The club are very pleased that the Academy is starting to produce again. The ones we know about were mentioned, but a few of the younger kids who might break through soon were also discussed. DCFC were very complimentary about the work Darren Wassall is doing.
Someone asked if they would allow more public access to Academy games and Glick said they’d love to, but Oakwood residents are unhappy with the traffic issues already (“as well as the staff, players and families, we also have an army of scouts turning up to every game now!”) They might try to play a few more games at Pride Park though, as Nigel likes to give the kids a taste of the big stadium.
Same with the reserves – they’ve had loads of positive feedback about playing games around the county (Belper, Alfreton, etc), but Nigel would still like to get the odd reserve game played at PPS for the experience. Maintaining pitch quality is the key to all this, however.
Long term future / ambitions
Has there been interest from anyone wanting to buy the club? Yes – there are always people coming around ‘kicking the tyres’, as Glick put it, but it’s never gone any further than that.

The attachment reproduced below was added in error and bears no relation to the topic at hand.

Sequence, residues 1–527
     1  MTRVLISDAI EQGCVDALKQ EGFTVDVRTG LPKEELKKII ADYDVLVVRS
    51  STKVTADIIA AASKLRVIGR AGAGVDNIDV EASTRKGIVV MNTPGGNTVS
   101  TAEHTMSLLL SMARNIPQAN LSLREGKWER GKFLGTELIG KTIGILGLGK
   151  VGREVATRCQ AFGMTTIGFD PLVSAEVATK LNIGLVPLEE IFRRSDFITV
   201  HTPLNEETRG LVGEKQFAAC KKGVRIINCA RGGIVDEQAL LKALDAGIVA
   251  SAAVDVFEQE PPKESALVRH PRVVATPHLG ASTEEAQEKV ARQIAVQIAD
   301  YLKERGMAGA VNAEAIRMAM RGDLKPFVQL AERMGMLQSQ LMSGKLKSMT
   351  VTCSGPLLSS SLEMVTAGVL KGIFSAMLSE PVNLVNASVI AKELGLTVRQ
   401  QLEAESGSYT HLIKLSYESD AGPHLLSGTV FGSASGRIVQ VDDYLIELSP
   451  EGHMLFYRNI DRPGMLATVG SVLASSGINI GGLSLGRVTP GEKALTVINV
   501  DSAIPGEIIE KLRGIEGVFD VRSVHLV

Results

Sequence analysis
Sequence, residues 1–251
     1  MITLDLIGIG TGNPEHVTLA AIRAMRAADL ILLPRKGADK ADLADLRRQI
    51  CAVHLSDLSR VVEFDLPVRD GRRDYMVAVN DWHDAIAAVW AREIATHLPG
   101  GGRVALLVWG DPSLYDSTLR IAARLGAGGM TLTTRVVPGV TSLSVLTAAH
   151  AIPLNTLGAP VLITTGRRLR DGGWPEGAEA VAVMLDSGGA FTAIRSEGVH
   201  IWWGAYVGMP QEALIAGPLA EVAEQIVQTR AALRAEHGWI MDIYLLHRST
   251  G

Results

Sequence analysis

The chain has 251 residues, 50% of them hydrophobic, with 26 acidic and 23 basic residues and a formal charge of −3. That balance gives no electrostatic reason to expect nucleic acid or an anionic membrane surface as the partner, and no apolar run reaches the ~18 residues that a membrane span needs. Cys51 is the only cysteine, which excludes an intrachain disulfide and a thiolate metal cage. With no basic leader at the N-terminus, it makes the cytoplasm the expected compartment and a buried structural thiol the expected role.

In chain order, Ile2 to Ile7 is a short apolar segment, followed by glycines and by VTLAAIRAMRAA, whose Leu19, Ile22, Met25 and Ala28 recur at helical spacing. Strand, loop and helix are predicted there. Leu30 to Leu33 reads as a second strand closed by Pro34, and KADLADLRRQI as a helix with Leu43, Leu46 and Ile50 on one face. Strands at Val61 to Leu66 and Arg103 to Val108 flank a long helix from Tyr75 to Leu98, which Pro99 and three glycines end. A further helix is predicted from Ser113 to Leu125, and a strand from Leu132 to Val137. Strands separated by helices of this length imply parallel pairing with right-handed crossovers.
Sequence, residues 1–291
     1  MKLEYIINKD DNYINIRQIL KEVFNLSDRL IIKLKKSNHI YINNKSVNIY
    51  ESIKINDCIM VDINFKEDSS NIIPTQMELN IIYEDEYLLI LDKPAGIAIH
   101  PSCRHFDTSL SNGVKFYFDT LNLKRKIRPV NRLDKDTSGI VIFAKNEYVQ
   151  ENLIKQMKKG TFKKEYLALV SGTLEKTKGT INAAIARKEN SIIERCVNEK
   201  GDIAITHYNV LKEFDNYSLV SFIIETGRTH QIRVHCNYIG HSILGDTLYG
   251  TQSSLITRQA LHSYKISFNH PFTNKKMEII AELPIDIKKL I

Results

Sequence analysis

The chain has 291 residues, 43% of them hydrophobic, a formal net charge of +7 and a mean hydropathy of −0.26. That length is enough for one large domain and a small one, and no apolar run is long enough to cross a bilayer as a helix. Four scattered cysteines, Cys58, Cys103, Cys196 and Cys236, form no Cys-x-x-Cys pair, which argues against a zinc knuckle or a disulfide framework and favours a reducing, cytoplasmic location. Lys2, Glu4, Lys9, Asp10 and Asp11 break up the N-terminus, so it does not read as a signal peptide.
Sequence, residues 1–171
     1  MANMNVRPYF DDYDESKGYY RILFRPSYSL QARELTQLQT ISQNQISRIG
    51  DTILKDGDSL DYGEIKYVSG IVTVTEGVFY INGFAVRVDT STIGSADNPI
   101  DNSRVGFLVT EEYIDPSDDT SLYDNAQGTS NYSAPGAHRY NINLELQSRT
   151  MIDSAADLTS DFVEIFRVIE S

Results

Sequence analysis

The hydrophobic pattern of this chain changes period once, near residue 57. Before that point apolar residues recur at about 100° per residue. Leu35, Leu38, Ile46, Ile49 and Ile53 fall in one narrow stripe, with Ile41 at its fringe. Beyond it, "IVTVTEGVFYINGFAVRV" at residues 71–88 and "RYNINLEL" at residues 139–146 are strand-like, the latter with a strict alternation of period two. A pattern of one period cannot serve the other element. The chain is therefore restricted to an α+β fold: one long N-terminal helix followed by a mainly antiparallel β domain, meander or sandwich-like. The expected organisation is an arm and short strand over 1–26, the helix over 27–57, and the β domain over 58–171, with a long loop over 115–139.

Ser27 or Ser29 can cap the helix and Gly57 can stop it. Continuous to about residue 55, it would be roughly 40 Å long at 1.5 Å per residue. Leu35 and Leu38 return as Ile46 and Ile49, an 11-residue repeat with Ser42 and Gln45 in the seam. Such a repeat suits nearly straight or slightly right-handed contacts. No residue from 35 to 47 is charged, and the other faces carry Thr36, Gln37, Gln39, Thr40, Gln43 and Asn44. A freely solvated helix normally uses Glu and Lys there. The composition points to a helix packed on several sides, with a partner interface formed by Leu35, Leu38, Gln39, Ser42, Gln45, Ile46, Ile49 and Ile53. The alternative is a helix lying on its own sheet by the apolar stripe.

The Arena / Plaza development is something the club are hoping to proceed with. It may be done in stages, but it’s a commercial venture that the club want to pursue, in order to create a substantial revenue stream that would be invested in the team.
Promotion is still very much what we’re building for and when the time comes that we’re in a strong January position, the club already have a strategy in place for how we will push on.
Someone questioned whether we’d be strong enough to stay in the Premier League next time we go up. Glick replied that all three teams did it last season and his honest view is that it’s easier to stay in the PL than it is to get out of the Championship. He acknowledged that getting out of this league is incredibly difficult and added that throwing money around is not a guarantee of success – Leicester, as an obvious example, spent £20m and it bought them two more points than us last season.